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Hello kind krafters! I hope you’re all doing well, and enjoying these remaining few weeks of summer. I am happy to say I have made a full recovery after being sick for a few weeks, and with that I’m slowly getting back into the swing of evening and weekend adventures. With the procession back into my usual routine, I have also gone back to spending most of my free time working on my Sustainability Internship Project, mapping and hiking HRM trails. As it currently stands I have 10 trails left to map, and four weeks to do it. This week I hit a pretty significant milestone in the mapping process, officially breaking the 200km mark of total kilometre’s hiked since the commencement of this project.
Between now and the end date for my internship, I will end of hiking approximately 300km, a number even as an active and energetic outdoor recreationalist, I would never have imagined being capable of doing in a single summer. I’m proud of the work I’ve put in so far, and ready to tackle that which still has to come. In the meantime, I thought I would share some lessons I’ve learned over my last 200km of hiking, and share some of the trails I’ve encountered since my list mini-trail review.
Lessons Learned on the Trail
Put These Tips to Work: More Trails to Check Out in Halifax
This is a beautiful little trail located in Bedford. The trail begins on Shore Drive, winds into the woods and up a hill. Here once you reach the top you encounter the Monolith and receive incomparable views of the Bedford Basin. Continue onwards and upwards and you will each Eagle Rock, offering more breathtaking views of the basin. This one is great for a quick and quiet getaway after work or on a busy day.
I mentioned this one in my last post as my first hike after getting sick. It’s a bit off the beaten path, requiring some driving on an old and extra bumpy service road, but is a gorgeous pathway through the woods and surrounding lakes. The areas surrounding the service road in are also nice spots for camping and kayaking.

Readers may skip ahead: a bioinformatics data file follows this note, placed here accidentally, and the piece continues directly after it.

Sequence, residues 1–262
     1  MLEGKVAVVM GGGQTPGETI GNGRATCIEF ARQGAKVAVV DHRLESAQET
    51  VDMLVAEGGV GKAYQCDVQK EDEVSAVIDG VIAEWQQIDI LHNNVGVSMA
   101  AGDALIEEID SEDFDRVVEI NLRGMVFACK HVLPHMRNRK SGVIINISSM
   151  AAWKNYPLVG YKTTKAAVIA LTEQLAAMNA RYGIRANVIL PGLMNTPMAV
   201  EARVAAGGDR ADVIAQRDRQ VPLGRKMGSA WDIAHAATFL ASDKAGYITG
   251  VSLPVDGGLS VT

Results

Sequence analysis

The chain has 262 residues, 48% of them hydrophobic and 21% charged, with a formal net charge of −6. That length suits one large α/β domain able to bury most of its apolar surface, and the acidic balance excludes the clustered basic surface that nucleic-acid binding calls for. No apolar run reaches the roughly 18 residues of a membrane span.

This spot is pretty cool. The woodlot is located adjacent to the Musquodoboit Valley Natural Resource Education Centre run by the Department of Natural Resources. The spot demonstrates integrated forest management and offers a plethora of outdoor based education opportunities. The pathways are lined with giant old growth trees and interpretive signs, along with a shorter pathway known as the storybook trail, which guides visitors through the path while displaying pages from a children’s book.
Uniacke Estates trails are a series of 8 trails located on the grounds of Richard John Uniacke’s former estate, now preserved as a museum park. The park offers a wide range of outdoor experiences for every level of recreationalist, with short lakeside paths, gravel pathways, and some bushwacking off the beaten path trails at the farthest end of the loop. It’s especially beautiful after a rainy day when the forest is brilliant green.
This is a pretty gorgeous spot located in Cole Harbour. An historic site of former farmland, the park has numerous trail options perfect for biking and hiking. The pathways also lead down to the water for amazing sunset views and swimming opportunities. We even saw a giant adolescent eagle when we hiked this trail!
Amazing up-close coastal views! This trail truly showcases the beautiful of Nova Scotian coasts. It can be pretty boggy (remember those Smartwool socks!) and a bit tricky to follow (check out my AllTrails map for waypoints to watch out for), but it is truly a must hike trail if you’re in Halifax.
Now It’s Your Turn
I hope you’ve enjoyed my trail recommendations, and find some benefit in the little tips I’ve shared. As always, please reach out and share with me your trail experiences. And if you have any tips and tricks for staying safe, happy, and comfortable on the trail, share them with me!